The Ogiek community has called on the Government to give them a communal title deed for Mau Forest land.
Ogiek People Development Programme Director Daniel Kobei said the community should also benefit from revenue generated from resources in the Mau, including the water draining from the forest.
“We will safeguard the forest against encroachment and exploitation. In the same respect, the Government should recognise the Ogiek as a people with unique interaction with nature, recognise our special cultural zones and erect a monument in Mau Forest,” Mr Kobei said.
Kobei was speaking on Tuesday as the community prepared its submission to a task force set up to advice on the implementation of a court ruling which granted land rights to members.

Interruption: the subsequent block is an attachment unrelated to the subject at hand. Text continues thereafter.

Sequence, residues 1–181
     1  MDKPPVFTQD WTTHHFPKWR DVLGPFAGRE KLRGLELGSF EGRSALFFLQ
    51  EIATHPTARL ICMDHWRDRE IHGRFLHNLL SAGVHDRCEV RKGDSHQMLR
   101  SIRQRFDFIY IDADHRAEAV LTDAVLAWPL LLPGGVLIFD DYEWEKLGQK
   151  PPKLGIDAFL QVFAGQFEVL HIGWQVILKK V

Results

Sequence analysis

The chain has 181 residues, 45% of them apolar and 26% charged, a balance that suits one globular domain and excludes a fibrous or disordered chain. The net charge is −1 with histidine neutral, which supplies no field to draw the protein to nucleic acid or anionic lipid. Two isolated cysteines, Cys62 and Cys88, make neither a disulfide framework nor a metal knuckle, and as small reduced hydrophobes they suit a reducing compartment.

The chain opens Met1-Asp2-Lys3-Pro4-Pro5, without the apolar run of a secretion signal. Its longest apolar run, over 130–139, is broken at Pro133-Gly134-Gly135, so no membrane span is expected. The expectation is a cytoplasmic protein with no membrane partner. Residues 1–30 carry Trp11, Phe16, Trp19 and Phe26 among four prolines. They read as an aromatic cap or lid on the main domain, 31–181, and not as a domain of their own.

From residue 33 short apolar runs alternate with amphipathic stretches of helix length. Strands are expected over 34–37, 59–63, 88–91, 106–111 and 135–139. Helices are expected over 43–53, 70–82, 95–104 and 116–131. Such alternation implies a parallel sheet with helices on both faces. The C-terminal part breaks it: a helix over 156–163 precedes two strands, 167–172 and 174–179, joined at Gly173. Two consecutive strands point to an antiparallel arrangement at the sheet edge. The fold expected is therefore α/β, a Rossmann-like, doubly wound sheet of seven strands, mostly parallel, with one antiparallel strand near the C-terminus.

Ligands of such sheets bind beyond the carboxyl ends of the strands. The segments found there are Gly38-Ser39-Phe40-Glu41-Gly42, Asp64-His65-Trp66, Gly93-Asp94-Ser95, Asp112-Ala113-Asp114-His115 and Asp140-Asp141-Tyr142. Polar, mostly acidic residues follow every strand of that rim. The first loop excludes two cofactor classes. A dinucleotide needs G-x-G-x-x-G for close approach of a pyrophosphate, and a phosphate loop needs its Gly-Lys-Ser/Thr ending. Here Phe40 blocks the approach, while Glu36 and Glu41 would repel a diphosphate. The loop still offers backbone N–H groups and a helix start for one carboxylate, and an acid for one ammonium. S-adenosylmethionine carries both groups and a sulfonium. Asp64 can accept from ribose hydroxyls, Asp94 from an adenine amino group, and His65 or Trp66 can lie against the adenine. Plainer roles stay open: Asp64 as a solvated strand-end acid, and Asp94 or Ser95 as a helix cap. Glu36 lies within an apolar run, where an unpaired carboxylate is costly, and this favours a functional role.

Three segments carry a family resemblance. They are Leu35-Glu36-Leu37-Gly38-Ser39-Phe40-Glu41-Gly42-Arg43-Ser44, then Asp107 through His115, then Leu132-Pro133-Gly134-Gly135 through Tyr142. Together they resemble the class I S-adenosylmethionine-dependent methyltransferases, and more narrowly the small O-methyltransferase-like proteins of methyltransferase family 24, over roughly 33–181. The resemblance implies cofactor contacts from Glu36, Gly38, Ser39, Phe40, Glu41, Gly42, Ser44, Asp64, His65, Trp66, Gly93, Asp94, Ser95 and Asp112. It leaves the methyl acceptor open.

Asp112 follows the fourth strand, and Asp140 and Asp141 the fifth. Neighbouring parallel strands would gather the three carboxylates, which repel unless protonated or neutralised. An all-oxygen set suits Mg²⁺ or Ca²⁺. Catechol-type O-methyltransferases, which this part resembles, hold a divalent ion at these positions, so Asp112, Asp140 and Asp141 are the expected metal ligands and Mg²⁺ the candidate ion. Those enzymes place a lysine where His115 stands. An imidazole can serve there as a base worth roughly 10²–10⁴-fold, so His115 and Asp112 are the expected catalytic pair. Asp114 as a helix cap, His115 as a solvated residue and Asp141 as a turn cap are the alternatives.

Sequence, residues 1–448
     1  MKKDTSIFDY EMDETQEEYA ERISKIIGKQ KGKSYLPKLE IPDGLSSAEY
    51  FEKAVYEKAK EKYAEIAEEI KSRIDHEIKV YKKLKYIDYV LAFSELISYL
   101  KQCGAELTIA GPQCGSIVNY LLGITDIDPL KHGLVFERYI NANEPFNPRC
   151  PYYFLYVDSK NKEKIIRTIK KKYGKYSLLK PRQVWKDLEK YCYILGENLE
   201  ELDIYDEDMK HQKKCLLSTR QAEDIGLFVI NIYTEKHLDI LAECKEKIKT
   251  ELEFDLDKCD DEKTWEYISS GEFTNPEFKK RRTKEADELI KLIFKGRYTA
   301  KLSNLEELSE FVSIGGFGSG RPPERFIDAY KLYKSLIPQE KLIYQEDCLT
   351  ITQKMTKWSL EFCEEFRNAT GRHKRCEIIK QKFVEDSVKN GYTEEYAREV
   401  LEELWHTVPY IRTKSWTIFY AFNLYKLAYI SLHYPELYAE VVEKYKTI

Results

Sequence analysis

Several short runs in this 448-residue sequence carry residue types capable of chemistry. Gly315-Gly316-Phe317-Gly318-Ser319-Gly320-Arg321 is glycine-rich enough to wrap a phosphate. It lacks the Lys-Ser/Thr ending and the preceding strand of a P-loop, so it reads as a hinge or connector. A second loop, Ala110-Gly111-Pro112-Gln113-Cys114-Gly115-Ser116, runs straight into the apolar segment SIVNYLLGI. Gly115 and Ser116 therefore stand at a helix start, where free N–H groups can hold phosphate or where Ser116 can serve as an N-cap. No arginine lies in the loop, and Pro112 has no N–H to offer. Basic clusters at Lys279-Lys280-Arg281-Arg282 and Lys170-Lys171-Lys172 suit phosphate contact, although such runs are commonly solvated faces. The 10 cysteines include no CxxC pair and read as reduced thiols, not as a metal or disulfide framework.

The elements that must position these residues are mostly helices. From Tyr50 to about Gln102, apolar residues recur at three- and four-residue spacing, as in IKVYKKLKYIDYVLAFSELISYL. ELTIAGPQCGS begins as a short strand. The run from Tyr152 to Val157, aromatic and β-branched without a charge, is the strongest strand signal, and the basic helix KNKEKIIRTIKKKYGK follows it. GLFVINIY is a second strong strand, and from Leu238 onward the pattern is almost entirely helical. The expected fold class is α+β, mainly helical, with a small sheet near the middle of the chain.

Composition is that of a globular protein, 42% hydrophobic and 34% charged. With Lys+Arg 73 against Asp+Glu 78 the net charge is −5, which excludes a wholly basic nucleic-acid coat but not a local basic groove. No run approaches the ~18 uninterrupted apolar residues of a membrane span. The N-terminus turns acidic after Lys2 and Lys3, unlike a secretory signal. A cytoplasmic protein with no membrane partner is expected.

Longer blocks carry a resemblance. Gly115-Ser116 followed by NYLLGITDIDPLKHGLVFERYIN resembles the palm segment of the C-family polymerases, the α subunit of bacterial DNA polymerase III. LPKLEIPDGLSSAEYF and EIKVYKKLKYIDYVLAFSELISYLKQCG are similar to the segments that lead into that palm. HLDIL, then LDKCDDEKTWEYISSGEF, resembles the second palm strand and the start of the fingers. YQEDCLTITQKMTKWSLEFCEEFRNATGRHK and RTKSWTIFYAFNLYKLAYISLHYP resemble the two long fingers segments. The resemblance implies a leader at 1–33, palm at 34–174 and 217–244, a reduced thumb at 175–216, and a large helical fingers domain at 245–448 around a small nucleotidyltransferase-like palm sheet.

Joseph Towett, an elder, said there were many fake title deeds issued for the forest land, adding that only a community title would stop the sub-division and sale of their ancestral home.
In a judgement issued on May 26, 2017, the African Court on Human and People’s Rights in Arusha, Tanzania, found that the Ogiek had been illegally evicted from their ancestral land in the water catchment tower, thus violating their rights.
The court granted reparations to the 35,000-member community after it ruled that the Government had infringed on the Ogiek’s rights to own property.
Last year, the Government gazetted a 15-member task force to review the existing relationships between indigenous communities and public institutions in management of forests.